By Nicole Debevec
Talk about a firebrand. Diane Danzebrink is a psychotherapist, a menopause expert and a well-being consultant who challenges leaders in the United Kingdom to do better by women experiencing any phase of menopause.
What makes this site work:
Her website, MenopauseSupport.co.uk, is filled with advice addressing menopause on both personal and professional levels. But more than that, the site is a virtual advocate for women experiencing the not-so-pleasant manifestations of menopause who suffer silently because either 1. They’re told menopause is a natural process, so accept it, get over it and move on; or 2. They’re frustrated by medical professionals’ seeming reluctance to properly diagnose and treat menopausal symptom.
Danzebrink isn’t bashing the health profession, but notes “much fear and confusion” around hormone replacement therapy among doctors and their patients. Her site noted the 2014 Nuffield Health survey that found 67 percent of women surveyed said there was a general lack of support or advice for those going through menopause. (https://www.nuffieldhealth.com/article/one-in-four-with-menopause-symptoms-concerned-about-ability-to-cope-with-life)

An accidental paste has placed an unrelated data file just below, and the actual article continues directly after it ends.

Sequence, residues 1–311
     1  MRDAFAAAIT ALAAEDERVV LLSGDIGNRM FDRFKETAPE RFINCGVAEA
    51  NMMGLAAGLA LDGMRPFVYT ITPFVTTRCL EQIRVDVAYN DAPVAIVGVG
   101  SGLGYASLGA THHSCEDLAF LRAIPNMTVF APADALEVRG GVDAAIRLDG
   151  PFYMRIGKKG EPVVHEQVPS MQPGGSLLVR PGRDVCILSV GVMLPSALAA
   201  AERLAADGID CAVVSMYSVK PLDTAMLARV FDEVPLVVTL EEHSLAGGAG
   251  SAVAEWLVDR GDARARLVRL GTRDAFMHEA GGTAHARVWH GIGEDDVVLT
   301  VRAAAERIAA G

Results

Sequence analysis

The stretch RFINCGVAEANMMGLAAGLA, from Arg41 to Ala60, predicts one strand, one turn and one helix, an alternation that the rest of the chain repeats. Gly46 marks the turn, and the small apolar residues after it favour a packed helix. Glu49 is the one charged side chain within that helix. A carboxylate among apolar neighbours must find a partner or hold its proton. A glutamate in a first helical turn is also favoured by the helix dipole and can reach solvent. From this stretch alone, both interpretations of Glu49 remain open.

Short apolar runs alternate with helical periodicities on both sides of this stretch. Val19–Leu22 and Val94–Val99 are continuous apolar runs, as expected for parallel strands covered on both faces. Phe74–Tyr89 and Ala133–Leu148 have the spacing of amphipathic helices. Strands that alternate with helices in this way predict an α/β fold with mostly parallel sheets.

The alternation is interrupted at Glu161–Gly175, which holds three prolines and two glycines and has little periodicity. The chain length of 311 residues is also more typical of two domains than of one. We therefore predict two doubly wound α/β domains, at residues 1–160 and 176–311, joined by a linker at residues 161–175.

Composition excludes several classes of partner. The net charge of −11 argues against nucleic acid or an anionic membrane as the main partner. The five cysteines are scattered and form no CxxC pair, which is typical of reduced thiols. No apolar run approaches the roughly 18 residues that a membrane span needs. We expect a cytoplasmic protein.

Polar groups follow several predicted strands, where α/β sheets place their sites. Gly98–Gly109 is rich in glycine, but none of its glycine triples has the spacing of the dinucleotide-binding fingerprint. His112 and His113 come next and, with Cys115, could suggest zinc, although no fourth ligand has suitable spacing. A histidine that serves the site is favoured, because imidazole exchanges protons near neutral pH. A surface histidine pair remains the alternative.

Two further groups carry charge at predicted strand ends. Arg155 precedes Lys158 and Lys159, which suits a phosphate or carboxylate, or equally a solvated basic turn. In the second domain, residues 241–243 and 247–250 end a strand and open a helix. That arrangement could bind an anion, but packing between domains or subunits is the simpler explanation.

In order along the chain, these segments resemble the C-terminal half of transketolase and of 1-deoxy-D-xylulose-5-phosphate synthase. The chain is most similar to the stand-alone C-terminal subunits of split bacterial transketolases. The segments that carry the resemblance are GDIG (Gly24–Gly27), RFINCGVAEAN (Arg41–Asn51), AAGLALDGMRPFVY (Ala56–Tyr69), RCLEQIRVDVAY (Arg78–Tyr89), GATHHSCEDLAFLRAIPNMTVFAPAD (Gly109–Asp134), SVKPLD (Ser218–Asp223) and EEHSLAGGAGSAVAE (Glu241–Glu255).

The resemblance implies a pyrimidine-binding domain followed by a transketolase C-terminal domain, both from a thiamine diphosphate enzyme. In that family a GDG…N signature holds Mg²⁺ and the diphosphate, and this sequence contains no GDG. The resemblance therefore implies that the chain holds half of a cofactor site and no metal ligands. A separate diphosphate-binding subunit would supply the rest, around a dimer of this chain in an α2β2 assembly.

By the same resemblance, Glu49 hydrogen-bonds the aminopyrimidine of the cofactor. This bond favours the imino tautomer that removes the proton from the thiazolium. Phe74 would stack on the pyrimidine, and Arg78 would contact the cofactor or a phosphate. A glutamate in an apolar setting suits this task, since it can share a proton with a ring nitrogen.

In her blog posts, listed as “Latest” on her site, Danzebrink unapologetically champions countless peri- and menopausal women – tackling journalists and newspapers, members of Parliament and the always present double standard that exists for maladies afflicting men versus maladies afflicting women. (Blogosphere case in point: If menopause made a man’s penis shrivel up and fall off at 51…. .)
While this blog concerns her video on a BBC project, Danzebrink has women nodding their heads in smoldering agreement when she muses, “ … it has become clear that education for health care professionals on the subject of menopause is poor and sometimes nonexistent and many GP’s, often the first port of call, are simply not equipped to help.
Again, she isn’t dissing individual doctors, but places the blame at the feet “of those who set the curriculum for their training” and the clinical commissioning groups throughout the U.K. that don’t “demand compliance with the recommendations in the clinical guidelines published in November 2015.”
**I want this woman on my side. You want this woman on your side. With the work she’s doing, I feel as though she’s already there. **